||ABOUT KELLY SCHUKNECHT: Kelly Schuknecht is the Vice President of Outskirts Press. In addition to her contributions to the Outskirts Press blog at blog.outskirtspress.com, Kelly and a group of talented marketing experts offer book marketing services, support, and products to not only published Outskirts Press authors, but to all authors and professionals who are interested in marketing their books and/or careers. Learn more about Kelly on her blog at http://kellyschuknecht.com.
March 10, 2011
Dana Lynn Smith, kindle ebook, kindle format, marketing a printed book, marketing kindle ebooks
Today’s blog post is by publishing industry expert, Dana Lynn Smith.
What are the differences between marketing a Kindle ebook and marketing a printed book?
The promotional methods used to drive traffic to your website and your sales page on Amazon are similar to that of printed books, but there are some differences in marketing Kindle ebooks:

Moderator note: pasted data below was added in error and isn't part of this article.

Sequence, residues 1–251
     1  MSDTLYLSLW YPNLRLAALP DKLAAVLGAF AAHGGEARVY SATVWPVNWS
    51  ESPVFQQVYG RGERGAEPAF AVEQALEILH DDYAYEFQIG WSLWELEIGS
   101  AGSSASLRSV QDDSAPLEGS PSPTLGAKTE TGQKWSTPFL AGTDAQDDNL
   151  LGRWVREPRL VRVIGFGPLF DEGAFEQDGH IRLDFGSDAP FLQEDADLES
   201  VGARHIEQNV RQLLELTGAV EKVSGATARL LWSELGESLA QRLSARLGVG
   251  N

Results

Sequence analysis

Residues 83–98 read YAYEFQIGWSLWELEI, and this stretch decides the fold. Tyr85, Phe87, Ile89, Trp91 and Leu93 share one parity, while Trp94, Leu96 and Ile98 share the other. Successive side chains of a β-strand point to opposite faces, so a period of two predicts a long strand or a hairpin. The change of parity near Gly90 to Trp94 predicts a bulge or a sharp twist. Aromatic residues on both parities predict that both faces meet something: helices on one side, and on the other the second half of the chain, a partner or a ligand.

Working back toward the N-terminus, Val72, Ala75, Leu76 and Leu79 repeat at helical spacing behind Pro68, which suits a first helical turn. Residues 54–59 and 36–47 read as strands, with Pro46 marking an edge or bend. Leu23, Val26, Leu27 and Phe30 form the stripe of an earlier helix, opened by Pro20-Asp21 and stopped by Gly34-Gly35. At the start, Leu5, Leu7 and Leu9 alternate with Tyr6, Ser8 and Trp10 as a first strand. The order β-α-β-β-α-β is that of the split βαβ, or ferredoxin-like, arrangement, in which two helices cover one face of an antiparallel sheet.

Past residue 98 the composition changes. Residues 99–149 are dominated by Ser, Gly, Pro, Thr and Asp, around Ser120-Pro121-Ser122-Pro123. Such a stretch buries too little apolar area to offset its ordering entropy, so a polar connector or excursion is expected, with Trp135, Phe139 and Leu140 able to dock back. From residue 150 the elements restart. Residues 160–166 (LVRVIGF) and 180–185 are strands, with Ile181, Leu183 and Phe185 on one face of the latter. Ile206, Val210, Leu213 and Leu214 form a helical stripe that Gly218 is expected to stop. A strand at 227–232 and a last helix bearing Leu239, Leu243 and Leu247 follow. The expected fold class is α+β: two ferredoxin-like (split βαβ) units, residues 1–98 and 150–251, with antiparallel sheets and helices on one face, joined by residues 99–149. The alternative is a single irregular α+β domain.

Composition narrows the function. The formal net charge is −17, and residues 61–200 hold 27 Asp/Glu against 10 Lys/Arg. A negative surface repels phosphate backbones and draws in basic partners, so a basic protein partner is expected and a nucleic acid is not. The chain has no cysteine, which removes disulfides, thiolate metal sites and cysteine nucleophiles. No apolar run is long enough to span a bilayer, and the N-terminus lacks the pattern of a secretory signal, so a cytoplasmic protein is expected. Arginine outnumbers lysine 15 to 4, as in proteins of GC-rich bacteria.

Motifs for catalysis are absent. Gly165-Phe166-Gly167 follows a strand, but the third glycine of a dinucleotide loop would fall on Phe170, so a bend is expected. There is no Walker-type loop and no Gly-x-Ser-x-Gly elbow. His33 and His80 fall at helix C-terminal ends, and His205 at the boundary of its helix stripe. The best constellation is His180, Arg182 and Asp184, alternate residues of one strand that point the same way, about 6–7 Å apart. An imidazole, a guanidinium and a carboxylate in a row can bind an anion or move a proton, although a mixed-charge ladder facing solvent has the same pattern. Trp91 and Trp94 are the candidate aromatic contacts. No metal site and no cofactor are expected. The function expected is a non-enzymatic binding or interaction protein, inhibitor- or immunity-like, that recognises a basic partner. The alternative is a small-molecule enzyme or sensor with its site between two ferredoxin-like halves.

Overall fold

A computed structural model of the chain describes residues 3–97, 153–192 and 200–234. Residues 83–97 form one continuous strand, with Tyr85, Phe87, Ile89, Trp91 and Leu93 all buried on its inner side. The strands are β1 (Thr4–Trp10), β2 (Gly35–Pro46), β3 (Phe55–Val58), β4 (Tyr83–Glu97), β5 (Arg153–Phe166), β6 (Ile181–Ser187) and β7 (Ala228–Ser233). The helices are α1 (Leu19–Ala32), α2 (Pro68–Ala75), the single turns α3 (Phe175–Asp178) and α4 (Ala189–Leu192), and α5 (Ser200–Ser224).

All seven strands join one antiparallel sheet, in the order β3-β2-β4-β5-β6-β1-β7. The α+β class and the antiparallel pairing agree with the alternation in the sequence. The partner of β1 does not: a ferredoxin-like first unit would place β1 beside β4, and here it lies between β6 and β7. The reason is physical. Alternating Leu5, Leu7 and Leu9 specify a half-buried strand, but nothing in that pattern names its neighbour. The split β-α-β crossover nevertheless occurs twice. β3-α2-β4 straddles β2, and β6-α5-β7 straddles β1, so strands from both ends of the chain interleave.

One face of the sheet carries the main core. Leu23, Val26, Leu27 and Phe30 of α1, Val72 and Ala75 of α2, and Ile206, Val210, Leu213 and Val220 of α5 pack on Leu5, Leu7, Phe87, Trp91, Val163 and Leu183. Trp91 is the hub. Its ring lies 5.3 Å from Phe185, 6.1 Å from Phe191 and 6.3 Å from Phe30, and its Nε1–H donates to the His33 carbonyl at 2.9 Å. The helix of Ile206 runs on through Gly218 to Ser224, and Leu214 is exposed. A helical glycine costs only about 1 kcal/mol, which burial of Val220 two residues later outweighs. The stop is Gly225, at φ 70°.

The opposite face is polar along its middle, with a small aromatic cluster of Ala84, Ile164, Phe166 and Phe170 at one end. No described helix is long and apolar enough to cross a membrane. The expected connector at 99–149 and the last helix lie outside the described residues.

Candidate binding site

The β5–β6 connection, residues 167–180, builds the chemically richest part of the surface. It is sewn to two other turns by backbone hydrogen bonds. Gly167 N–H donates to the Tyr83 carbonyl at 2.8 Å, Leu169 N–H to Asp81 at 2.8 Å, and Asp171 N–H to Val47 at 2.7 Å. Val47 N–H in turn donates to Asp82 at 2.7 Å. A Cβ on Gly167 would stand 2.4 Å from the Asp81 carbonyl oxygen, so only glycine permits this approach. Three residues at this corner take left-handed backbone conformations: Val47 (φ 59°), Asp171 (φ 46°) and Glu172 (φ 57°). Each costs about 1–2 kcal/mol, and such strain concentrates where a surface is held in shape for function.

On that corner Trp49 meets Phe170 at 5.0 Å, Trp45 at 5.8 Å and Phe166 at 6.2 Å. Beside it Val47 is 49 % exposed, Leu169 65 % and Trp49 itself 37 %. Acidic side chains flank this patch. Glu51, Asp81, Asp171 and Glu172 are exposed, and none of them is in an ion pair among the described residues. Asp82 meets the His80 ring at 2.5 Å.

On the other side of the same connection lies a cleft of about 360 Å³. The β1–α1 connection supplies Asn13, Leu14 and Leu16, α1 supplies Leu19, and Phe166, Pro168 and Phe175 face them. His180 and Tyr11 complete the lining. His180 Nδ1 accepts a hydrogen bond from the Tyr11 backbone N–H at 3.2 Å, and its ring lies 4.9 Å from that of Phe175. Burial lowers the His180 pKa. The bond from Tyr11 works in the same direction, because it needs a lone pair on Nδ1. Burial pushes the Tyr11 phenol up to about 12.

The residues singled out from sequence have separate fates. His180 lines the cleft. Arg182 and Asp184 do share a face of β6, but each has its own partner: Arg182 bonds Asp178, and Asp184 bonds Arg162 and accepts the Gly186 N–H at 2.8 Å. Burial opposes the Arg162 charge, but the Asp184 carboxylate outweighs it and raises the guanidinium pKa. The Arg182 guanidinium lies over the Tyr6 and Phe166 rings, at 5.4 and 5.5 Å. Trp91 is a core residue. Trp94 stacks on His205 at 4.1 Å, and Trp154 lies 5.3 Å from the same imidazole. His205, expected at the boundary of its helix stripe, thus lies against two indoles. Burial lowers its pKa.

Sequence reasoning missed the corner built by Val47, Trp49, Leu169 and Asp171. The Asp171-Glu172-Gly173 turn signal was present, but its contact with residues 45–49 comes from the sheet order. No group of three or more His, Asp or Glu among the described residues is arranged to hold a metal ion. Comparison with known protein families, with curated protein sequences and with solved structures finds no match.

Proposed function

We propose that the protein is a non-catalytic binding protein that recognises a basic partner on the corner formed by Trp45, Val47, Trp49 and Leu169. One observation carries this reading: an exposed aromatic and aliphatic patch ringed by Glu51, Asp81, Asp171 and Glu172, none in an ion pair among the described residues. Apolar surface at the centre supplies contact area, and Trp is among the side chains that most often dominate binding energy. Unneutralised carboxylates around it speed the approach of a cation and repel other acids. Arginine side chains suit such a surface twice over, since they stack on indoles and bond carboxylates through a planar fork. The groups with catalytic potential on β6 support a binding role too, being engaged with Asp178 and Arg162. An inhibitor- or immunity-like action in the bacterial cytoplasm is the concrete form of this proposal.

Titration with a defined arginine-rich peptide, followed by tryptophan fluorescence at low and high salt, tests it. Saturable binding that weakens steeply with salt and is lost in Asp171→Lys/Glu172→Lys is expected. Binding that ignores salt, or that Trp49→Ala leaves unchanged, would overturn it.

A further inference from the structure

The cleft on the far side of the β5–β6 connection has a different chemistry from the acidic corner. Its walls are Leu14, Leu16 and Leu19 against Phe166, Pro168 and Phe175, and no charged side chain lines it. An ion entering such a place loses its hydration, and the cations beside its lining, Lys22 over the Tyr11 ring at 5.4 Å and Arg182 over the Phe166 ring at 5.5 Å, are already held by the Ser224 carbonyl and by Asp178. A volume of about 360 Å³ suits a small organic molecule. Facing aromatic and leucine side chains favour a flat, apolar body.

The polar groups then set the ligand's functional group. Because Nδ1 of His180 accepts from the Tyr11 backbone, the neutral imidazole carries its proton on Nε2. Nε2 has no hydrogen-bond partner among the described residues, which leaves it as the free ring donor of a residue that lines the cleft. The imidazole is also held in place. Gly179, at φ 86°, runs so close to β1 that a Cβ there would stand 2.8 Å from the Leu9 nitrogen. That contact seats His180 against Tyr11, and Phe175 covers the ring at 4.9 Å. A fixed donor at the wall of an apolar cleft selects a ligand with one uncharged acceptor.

- There are fewer competing books in the Kindle store, so you may have a greater chance of your book standing out in search results. The Kindle publishing platform makes it very easy for you to enter appropriate keyword tags for your ebook.
- Consumers expect ebook prices to be significantly lower than print books, especially for fiction. You can experiment with different price points, but for fiction books many indie authors report that they sell at lot more books at $2.99 than at higher prices. If you price your ebook between $2.99 and $9.99 (and it’s priced at least 20% less than the printed version) you can opt to receive a 70% royalty from Amazon, which is much higher than what you’d make on a printed book.
- The audience for Kindle ebooks is smaller, because not everyone has a Kindle, but it’s growing rapidly. Remind potential customers that they don’t need a Kindle to read Kindle ebooks—they can download a free reading app to use on their PC, Mac, iPad, iPhone, Blackberry and other devices.
What are the best ways for an author to capitalize on Kindle edition sales?